Pope Benedict XVI: itinerary for Mexico and Cuba, 2012

Pope Benedict XVI: itinerary for Mexico and Cuba, 2012

Below, please find our unofficial English translations of the press releases issued Monday, January 2nd, by the Bishops’ Conference of Mexico and the Bishops’ Conference of Cuba, detailing the itinerary of Pope Benedict XVI’s scheduled visit to each country in March of this year.

Press Release concerning the visit of His Holiness Pope Benedict XVI to Mexico

On December 12th, 2011, His Holiness Benedict XVI announced his intention to undertake an apostolic journey to Mexico and Cuba, before Easter 2012.

Following consultations with the Government of the United Mexican States and the Mexican Bishops’ Conference, and after detailed study by those responsible for the Pope’s travels, in conjunction with federal authorities and members of the government of Guanajuato state, the Holy Father approved the program that was submitted and will be verified as follows:

The Holy Father will travel on Friday March 23rd, 2012, from the city of Rome to the airport in Leon, Guanajuato, where he will be officially received by the President of Mexico, Felipe Calderon, by the Archbishop of Leon, José Martín, and by representatives of the Mexican Bishops’ Conference.

During his stay in Mexico will be staying at the residence of the Sisters of Miraflores College in Leon.

On Saturday evening, March 24th, The Holy Father will have an official meeting with President Felipe Calderon and his delegation at the Conde Rul House, the seat of the State Government of Guanajuato. Finally the Holy Father will greet and bless children and all the faithful gathered in Guanajuato’s La Paz square.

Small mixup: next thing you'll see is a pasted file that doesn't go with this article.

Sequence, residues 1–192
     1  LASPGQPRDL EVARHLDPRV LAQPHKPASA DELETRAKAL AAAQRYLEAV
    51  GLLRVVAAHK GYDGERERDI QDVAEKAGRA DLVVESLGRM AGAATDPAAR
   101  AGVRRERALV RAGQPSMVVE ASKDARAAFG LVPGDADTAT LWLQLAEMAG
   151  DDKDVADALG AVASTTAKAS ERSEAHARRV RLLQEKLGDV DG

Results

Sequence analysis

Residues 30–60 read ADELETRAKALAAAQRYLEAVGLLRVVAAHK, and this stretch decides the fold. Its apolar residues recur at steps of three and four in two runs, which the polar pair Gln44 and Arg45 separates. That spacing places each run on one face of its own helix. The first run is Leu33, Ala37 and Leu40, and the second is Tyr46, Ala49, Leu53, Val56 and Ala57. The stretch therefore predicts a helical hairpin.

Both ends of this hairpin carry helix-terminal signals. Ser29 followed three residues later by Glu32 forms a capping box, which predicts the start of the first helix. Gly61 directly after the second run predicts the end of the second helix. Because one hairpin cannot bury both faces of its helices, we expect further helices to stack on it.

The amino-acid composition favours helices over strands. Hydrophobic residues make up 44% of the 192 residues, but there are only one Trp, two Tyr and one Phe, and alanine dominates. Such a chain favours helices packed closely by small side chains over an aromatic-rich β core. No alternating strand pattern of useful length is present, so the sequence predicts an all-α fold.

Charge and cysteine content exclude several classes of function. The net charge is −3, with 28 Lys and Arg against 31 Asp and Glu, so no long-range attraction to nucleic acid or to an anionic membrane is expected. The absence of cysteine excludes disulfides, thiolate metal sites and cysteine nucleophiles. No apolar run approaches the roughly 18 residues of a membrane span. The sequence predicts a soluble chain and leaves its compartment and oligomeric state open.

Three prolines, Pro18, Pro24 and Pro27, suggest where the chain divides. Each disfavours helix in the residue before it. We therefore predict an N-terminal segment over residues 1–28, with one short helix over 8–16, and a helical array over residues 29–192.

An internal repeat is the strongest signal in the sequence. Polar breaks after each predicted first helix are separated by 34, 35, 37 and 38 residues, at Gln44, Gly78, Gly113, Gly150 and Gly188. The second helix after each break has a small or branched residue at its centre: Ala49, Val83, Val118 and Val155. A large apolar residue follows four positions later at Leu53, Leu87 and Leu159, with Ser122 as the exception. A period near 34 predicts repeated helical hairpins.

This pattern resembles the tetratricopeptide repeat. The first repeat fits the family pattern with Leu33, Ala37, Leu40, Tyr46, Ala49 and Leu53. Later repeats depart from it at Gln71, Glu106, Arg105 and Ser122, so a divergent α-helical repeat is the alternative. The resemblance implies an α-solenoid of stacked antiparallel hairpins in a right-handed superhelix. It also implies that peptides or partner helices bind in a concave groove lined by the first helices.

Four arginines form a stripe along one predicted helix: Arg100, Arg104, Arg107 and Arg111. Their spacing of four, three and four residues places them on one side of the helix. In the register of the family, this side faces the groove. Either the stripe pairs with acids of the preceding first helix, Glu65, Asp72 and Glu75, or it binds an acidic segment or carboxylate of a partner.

On the morning of Sunday March 25th, the Holy Father will be preside at Mass in Bicentennial Park in the municipality of Silao, at the foot of Cubilete Hill, atop which stands the monument to Christ the King. Representatives of the faithful of the 91 dioceses of Mexico will be present.

On the afternoon of March 25th, the Holy Father, will celebrate Vespers in the Leon cathedral and deliver a message to all the Bishops of Mexico and other representatives of the Bishops’ Conferences of Latin America and the Caribbean.

On the morning of March 26th, the highest civil and religious authorities of Mexico will farewell the Holy Father at Leon airport, before he departs for Cuba.

Press release of the Conference of Catholic Bishops of Cuba with regard to the visit of His Holiness Pope Benedict XVI

Pope Benedict XVI, having been invited by Cuba’s President Raúl Castro and the Conference of Catholic Bishops of Cuba, has approved the program prepared by organizers of the Papal trip together with Cuban authorities and Catholic Bishops’ Conference of Cuba. The program, from March 26th – 28th, 2012, has been fixed as follows:

On March 26th, the Holy Father will travel from Mexico to the City of Santiago de Cuba, where he will be officially received by President Raul Castro, by the Conference of Catholic Bishops of Cuba and by the Archbishop of Santiago, Dionisio Guillermo García Ibáñez. Following the official welcome, in the early hours of the afternoon, the Holy Father will be taken to the residence of Archbishop of Santiago de Cuba.

At sunset, the Holy Father will celebrate Mass in Antonio Maceo Revolution Square to mark the Solemnity of the Annunciation. At the conclusion of Mass the Holy Father will head to El Cobre where he will stay in residence for priests.

On the morning of March 27th, the Pope shall make a private visit to the Shrine of Our Lady of Charity to pray for a few minutes before the much-venerated image of the Virgin there. After this, the Pope will go to the airport for a flight from Santiago de Cuba to Havana.